Conclusion

The repeat readings were, more or less, scattered in exactly the same time zone as the 1st reading. By this I mean that apart from the readings at concentration 1Mol/dm3, the repeats were all to within 5seconds of each other. I feel that, perhaps I could have used a two more repeat for each acid concentration as this would have made the results more reliable. At concentration 1Mol/dm3, the readings were scattered over a time range of 15seconds. This was expected as at the lower concentrations, it is harder to reproduce the experiment in exactly the same way so that the results are the same. As an extension to this experiment, I would go on to measure the change in mass over the course of the experiment. This means that I would put the conical flask on a mass balance and measure the mass after certain periods of time. There would not a bung in the top of conical flask, instead some cotton wool as this would allow the gas to escape but no air to get in. This would give another way to find out the rate of the reaction taking place between HCL and CaCO3. I can therefore conclude that the experiment was successful and I found out the aim of the experiment. Peter Hardie 1 08/05/2007 1 ...read more.

The above preview is unformatted text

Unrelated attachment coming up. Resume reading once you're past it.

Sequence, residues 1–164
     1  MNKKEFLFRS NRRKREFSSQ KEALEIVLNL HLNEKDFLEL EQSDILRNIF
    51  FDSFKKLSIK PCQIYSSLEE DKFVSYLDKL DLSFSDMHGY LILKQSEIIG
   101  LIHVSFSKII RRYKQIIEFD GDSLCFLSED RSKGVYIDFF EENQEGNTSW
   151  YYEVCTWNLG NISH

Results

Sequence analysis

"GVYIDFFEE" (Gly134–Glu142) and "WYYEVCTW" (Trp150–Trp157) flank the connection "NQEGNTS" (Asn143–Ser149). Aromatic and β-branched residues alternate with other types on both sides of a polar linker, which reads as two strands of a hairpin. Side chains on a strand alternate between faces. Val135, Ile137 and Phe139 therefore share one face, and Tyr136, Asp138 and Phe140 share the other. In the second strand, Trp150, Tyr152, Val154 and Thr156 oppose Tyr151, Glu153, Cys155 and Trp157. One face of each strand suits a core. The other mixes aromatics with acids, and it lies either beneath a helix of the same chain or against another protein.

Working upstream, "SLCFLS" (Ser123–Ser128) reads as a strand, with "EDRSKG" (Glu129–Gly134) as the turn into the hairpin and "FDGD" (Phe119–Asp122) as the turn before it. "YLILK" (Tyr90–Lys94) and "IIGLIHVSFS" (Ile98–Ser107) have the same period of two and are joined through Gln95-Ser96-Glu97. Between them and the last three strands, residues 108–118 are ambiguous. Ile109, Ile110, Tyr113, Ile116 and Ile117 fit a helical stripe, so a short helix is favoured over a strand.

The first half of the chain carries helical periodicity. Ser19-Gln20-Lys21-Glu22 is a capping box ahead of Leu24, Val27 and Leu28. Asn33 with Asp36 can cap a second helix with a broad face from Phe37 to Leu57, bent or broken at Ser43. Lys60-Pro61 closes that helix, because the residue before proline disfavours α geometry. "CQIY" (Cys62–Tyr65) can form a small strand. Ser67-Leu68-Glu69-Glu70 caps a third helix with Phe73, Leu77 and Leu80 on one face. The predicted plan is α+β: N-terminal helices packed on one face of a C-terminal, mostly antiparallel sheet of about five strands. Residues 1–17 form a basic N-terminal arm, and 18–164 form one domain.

This student written piece of work is one of many that can be found in our GCSE Patterns of Behaviour section.

Found what you're looking for?

  • Start learning 29% faster today
  • 150,000+ documents available
  • Just £6.99 a month

Not the one? Search for your essay title...
  • Join over 1.2 million students every month
  • Accelerate your learning by 29%
  • Unlimited access from just £6.99 per month

See related essaysSee related essays

Related GCSE Patterns of Behaviour essays

  1. Investigate how concentration of hydrochloric acid (HCL) affects its reaction with calcium carbonate (CaCO3).

    I recognised the anomaly for the 2 molar set of results by looking at my graph. I looked at the molar 2 line of best fit and I could see that the point of the anomalous results was not stuck closely to the line.

  2. The effect of concentration of acid on the chips

    If I were to conduct my experiment below this temperature then the reaction would not take place. I.e. consider it a game, and the object of the game is to injure yourself and other people so that you can leave the room.